Which tent will keep me dry when it’s raining hard?

Oh Great One, ne for me several tents that keep out the weather. I'm not talking a drizzle, but an almighty downpour of hail, sleet, and snow. The best waterproof tent I have ever owned is a Cabela's Alaskan—you could use it as a boat—but it's 18 pounds and has some design issues I don't like. So, please give me a list of backpacking tents that float. Jeff Moscow, Idaho


Heading out the door? Read this article on the new Outside+ app available now on iOS devices for members! Download the app.

I’m pretty sure there are tents out there that can meet your specifications, Jeff, but I do have this caveat: Tents aren’t houses. Leave just about any tent out for several days in hard, hard rain, and you’ll need to accept the fact that some water is going to get in one way or another. The exceptions are very heavy tents like the Cabela’s one that you mention. Their heavier fabric and heavier coatings act to ensure more complete weatherproofing than the relatively light stuff that of course has to be used in a backpacking tent.

Swallow Swallow

Anyway, some things to look for in general include: Bathtub-style floor, meaning there are no seams across the floor; full-coverage fly that goes right down to the ground all the way around your tent; and excellent construction using good materials. Many outdoor stores have several tents set up on the show floor—just walk around them and give the fabric a rub between thumb and forefinger to get a quick idea of the different thickness levels. And, remember, lighter tents mean thinner materials (usually).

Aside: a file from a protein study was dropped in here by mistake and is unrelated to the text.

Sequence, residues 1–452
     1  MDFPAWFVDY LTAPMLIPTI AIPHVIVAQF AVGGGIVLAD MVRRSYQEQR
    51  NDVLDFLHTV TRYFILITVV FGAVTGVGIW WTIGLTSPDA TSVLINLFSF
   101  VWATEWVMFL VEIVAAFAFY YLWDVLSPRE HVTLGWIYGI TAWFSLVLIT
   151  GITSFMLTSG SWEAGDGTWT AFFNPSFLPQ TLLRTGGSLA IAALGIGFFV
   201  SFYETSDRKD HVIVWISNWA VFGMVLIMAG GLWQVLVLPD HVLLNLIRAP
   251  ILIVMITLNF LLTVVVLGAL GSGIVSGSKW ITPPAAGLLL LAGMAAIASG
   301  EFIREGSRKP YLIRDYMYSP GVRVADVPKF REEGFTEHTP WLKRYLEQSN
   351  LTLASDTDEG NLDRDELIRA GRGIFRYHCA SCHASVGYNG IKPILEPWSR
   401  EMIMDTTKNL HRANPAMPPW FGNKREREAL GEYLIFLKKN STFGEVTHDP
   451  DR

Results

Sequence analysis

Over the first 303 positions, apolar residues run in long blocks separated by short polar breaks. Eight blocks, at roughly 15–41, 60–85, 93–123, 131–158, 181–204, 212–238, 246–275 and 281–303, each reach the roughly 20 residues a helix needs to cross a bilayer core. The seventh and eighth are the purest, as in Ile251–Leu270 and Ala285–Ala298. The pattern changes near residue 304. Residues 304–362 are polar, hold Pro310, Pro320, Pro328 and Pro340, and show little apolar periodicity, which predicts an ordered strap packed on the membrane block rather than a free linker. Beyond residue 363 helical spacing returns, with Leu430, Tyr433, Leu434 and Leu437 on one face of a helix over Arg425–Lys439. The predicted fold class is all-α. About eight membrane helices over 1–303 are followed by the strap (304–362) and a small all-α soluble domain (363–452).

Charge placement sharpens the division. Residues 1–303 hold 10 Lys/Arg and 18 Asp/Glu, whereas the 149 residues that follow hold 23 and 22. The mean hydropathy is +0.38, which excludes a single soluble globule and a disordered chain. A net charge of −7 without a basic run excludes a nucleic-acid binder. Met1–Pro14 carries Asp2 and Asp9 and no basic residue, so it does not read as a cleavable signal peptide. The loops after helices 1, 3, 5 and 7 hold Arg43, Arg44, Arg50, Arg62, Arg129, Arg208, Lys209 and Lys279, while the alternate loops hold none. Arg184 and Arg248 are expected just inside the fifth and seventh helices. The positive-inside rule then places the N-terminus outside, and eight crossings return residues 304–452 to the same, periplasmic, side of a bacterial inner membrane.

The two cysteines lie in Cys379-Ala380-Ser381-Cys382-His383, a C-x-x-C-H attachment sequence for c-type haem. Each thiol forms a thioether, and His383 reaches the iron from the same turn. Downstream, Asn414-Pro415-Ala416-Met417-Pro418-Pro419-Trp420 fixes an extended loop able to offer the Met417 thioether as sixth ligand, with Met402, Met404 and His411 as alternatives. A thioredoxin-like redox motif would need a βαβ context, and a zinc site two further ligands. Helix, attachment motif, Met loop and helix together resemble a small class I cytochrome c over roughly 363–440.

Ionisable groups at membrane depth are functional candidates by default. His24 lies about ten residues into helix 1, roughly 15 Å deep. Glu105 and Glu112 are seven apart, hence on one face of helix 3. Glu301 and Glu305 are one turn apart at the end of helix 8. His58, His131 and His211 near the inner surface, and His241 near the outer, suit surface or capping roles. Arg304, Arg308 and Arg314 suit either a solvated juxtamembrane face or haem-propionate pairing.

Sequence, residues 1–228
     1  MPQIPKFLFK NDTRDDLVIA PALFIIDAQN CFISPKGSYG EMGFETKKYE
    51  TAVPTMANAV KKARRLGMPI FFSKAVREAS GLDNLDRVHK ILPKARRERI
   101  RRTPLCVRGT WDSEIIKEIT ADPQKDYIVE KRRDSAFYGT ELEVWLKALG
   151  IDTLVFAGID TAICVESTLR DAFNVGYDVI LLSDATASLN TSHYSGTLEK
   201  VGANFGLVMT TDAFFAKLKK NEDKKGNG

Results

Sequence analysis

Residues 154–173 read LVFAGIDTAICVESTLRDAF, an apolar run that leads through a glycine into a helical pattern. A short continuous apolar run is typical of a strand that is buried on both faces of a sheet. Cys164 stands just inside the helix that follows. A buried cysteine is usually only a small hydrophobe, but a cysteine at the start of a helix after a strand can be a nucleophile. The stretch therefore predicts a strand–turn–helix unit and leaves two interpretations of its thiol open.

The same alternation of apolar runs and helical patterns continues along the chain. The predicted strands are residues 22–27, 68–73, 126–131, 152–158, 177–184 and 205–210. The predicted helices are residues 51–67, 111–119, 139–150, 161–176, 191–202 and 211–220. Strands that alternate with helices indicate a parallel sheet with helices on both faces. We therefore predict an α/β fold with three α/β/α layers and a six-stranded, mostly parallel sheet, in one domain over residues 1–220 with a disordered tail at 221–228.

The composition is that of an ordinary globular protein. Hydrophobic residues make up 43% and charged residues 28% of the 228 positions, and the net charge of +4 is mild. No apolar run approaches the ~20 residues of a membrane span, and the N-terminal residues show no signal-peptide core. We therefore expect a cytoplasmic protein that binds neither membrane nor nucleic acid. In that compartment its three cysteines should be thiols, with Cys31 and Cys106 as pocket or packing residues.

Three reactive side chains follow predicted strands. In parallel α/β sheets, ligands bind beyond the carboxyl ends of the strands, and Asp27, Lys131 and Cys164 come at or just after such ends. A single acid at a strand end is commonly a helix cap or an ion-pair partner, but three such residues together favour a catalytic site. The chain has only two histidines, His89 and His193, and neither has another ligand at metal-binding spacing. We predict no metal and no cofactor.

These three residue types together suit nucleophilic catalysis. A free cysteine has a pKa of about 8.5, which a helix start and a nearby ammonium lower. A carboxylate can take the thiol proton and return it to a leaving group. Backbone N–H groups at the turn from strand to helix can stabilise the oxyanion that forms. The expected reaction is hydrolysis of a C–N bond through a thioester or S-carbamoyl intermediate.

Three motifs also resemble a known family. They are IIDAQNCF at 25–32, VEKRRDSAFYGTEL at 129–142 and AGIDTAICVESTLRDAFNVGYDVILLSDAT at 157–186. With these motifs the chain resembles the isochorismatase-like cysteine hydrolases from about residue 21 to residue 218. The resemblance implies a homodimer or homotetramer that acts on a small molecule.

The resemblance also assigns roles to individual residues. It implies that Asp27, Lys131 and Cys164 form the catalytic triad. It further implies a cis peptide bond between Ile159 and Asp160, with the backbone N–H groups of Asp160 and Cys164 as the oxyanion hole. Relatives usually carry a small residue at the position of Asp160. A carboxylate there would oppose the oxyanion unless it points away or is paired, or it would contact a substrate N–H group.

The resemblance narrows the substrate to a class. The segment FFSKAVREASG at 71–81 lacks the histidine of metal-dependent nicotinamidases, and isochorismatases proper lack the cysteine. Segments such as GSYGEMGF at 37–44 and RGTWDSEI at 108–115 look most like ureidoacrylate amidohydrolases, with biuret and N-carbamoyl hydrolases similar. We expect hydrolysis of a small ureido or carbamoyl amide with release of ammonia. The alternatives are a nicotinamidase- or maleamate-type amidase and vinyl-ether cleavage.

My shortlist, then, for really waterproof tents would include the Marmot Swallow ($359; www.marmot.com), a heavy-duty two-person backpacking tent that’ll have you covered for some ugly winter weather. The really beefy fly and bathtub floor will ensure you stay dry in just about any conditions. Weight is nearly nine pounds, but the Swallow is a serious tent. Another good one is the Sierra Designs Omega ($289; www.sierradesigns.com). It’s a little lighter than the Swallow at about seven pounds, and includes a full-coverage fly. The floor has a seam, but it’s factory taped and I’d be surprised if it ever leaked. Otherwise, solid materials throughout. Finally, Mountain Hardwear’s Hammerhead 2 ($245; www.mountainhardwear.com) is similar in weight and features to the Swallow with the advantage of a one-piece floor.

None of these will float, Jeff, but if you get real wet inside you’ve got more problems than just a rain shower!

Find out which tents made the cut in Outside‘s 2004 Buyer’s Guide.

Filed to:

Trending on Outside Online